It must have been awful for her husband to hear this type of comment. Spitting Image, the satire on TV, conveyed the impression that he was largely confined to Thatcher’s harem. Perhaps if he had done something interesting, like adultery or file for divorce, then the press would have given him greater media coverage. And the few times he appeared on the media, he had a fixed morbid expression; it made me wonder, was this due to his marriage or his nature. Regardless, he is due some credit; there was activity in the bedroom, and the couple produced healthy children. The Imam in me says MashaAllah, and the ethnic part of me says “shabbash”, loosely translated as “well done”.

In order to comprehend the politics and the complexity of the various forces that shapes the current Afghan nation, it is necessary to examine the historical milestones along with the economic infrastructure, and the composition of the major influential tribes distinguished by linguistic and religious affiliations: Pashtun, Uzbek, Hazara, Tajik, Aimaq, Turkoman, Baloch and other smaller tribes. I intend to produce a series of articles that will seek to analyse these factors. The primary objective is to give an overview, so that those who are not familiar with the region get acquainted with the basic facts rapidly, and one can refer to other scholarly materials for further in-depth analysis.

I am less interested in ancient history, as the evidence is scant for such material, and less relevant to the current situation. Nor do I think it is necessary to cover the events chronologically, which can be dull, and readers will be more interested to get familiar with the current events via which the history is introduced.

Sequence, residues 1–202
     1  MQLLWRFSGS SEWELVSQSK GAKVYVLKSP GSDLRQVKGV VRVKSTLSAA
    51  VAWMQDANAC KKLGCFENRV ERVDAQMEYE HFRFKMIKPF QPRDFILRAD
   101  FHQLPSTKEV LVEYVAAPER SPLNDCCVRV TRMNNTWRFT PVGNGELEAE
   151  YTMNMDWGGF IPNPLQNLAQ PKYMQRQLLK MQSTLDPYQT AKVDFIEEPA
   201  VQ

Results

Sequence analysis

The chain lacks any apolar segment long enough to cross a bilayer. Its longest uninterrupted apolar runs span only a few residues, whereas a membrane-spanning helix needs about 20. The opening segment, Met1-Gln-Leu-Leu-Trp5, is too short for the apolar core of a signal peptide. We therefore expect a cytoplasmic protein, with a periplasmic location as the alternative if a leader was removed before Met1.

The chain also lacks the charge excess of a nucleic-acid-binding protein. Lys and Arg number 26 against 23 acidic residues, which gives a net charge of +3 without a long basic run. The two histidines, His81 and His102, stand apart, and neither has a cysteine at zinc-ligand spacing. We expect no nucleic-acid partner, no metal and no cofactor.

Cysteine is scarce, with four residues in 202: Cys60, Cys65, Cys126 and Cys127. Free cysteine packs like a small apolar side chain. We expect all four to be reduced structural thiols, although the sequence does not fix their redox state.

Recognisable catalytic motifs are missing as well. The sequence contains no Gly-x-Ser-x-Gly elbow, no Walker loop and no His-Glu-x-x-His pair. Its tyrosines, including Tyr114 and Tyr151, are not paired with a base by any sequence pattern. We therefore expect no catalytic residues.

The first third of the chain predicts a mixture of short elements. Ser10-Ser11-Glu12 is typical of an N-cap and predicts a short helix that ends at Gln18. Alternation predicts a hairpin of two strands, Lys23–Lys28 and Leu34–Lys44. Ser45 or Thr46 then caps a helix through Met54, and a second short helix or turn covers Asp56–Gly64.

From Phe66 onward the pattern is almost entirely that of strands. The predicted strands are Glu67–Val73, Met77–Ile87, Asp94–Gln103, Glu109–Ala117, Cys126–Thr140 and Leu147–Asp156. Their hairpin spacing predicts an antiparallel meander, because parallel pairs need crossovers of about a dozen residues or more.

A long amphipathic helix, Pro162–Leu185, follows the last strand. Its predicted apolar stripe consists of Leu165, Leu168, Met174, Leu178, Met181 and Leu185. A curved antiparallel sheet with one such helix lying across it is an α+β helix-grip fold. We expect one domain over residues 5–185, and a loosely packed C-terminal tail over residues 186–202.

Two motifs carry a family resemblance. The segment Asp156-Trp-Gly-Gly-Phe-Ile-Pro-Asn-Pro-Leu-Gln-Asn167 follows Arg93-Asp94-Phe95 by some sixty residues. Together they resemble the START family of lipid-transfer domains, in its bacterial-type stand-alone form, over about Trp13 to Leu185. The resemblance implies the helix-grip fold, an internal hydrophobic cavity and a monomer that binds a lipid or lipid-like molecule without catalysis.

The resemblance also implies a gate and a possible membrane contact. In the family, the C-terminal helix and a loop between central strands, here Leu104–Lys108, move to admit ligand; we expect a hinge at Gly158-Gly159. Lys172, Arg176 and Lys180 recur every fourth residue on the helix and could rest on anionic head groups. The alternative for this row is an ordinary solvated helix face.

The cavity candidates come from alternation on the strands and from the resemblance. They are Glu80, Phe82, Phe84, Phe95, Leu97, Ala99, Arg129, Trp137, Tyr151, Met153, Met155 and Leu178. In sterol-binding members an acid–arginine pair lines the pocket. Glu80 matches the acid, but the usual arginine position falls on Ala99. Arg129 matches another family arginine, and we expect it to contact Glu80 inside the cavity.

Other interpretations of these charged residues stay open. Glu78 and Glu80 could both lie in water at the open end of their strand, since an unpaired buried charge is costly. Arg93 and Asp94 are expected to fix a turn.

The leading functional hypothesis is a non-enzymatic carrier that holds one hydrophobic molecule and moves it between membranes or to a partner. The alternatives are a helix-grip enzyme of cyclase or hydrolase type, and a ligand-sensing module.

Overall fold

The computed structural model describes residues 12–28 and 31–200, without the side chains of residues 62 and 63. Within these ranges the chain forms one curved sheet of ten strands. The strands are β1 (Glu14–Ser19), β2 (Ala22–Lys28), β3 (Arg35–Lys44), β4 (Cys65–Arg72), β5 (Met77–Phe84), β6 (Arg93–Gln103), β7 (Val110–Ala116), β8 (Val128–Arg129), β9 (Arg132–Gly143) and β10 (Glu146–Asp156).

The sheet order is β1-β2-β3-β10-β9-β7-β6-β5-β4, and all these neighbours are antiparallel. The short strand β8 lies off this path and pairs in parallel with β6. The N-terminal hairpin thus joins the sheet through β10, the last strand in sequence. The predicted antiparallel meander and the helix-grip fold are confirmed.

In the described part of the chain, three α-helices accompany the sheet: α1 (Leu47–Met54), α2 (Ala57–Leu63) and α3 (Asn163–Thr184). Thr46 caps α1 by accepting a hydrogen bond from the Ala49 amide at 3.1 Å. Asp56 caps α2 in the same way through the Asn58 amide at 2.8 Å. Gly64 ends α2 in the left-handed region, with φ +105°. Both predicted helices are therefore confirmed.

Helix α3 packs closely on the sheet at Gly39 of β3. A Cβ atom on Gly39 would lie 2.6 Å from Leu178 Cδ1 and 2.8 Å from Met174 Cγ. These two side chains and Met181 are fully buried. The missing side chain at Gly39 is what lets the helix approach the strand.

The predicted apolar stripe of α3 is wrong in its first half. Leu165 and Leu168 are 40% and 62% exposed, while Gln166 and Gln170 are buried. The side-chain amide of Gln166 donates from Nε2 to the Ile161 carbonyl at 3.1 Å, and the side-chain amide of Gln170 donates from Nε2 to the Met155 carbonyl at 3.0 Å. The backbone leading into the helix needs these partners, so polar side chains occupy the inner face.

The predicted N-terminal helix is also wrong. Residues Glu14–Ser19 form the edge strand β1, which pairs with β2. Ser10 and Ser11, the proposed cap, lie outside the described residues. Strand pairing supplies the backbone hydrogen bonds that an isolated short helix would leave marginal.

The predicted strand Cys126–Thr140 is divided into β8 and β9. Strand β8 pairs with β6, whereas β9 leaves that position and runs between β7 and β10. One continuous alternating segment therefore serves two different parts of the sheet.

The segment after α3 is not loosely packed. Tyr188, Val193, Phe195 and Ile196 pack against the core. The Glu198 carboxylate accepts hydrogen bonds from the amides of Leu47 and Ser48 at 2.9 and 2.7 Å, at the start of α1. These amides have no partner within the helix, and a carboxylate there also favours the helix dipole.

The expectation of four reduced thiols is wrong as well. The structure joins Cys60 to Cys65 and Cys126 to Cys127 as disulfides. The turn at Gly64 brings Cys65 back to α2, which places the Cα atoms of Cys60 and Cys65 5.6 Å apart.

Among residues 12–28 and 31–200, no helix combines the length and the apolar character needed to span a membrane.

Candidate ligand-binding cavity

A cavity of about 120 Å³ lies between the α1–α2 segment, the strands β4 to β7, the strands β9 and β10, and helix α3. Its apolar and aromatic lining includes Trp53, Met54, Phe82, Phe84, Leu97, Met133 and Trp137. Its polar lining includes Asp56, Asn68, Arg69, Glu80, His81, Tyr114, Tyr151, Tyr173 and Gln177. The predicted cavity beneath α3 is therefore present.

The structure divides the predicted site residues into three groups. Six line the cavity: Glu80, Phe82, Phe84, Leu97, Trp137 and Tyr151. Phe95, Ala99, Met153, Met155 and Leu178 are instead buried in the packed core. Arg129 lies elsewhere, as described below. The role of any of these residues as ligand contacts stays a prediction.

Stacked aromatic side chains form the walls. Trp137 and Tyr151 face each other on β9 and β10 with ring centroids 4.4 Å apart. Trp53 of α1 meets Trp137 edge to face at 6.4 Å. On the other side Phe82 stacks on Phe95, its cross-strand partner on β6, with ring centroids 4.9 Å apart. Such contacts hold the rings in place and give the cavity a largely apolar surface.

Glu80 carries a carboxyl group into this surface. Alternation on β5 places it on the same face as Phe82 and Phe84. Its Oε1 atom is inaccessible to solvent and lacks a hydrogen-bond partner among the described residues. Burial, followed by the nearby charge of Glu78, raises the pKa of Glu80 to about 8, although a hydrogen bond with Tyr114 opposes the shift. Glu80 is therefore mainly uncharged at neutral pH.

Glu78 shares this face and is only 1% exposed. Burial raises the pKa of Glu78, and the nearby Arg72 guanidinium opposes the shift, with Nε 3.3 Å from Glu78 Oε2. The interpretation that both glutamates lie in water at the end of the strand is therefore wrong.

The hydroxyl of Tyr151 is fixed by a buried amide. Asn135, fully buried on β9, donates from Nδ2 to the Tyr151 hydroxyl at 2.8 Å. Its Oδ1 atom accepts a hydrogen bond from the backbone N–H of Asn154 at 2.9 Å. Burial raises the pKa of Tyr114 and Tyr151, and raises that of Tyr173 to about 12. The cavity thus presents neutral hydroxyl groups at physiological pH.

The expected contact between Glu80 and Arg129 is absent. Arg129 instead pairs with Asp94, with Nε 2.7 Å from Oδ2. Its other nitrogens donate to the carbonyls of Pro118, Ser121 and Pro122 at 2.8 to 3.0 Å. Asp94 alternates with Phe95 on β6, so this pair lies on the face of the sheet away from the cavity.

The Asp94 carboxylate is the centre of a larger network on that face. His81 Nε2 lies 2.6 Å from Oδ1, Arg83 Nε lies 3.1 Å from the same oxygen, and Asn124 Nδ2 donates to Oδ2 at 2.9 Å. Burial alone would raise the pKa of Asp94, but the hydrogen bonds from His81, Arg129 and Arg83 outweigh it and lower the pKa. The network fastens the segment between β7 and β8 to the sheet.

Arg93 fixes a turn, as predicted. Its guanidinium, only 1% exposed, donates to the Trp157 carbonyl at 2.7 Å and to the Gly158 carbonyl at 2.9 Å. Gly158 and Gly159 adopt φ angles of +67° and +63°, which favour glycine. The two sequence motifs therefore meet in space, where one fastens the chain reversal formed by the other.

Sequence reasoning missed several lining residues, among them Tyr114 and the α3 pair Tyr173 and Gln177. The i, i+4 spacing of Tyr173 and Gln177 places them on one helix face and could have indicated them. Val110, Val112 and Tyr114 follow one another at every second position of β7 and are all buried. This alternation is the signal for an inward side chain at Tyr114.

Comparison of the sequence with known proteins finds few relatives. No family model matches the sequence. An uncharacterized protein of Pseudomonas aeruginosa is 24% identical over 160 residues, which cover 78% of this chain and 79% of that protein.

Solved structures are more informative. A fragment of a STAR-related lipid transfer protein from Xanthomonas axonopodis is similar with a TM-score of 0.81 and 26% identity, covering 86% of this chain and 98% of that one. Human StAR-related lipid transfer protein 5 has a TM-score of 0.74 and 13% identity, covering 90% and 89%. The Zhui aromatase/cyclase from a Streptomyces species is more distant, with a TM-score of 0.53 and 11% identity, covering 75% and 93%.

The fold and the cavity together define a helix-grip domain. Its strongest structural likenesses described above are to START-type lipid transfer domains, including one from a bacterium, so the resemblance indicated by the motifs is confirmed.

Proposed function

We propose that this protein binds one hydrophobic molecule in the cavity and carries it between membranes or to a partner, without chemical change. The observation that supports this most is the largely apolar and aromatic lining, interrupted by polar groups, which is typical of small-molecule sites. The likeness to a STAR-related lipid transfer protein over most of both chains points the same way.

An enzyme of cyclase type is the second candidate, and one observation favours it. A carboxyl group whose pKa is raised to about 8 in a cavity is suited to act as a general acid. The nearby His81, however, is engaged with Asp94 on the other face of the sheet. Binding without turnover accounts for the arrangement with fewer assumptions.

Unless the Taliban are drawn into the political process, they will continue to pose a challenge to the Karzai government, and this is likely to escalate after US forces leave the country in 2014; they may even succeed in seizing power reigniting another civil war. The major players are Pakistan and the US with India being the third minor party; Pakistan has influence via the Taliban, India has a relationship with the Northern Alliance (formed by the non-Pashtun tribes to counter the dominant Pashtun based Taliban), and the US has its interest along with its military might.

From the arguments that rage over the Islamic veil and the bikini, a battle between the conservatives and liberal secular forces, you would think it can be summed up as: nudity is liberation and covering up is oppression from the secular faction . A Tunisian woman took the bait, and from the birth place of the Arab-Spring she displayed her breasts, with "My body is mine, not somebody's honour" written across it, clearly aimed at the conservative faction of society. This is supposed to contribute towards the advancement for women’s rights, because the argument goes, it shows that she has control over her body, nobody (men in particular) is forcing her to cover up. One would assume the protest in a different form would take place, if the women were forced to walk around topless in Tunisia in the first place.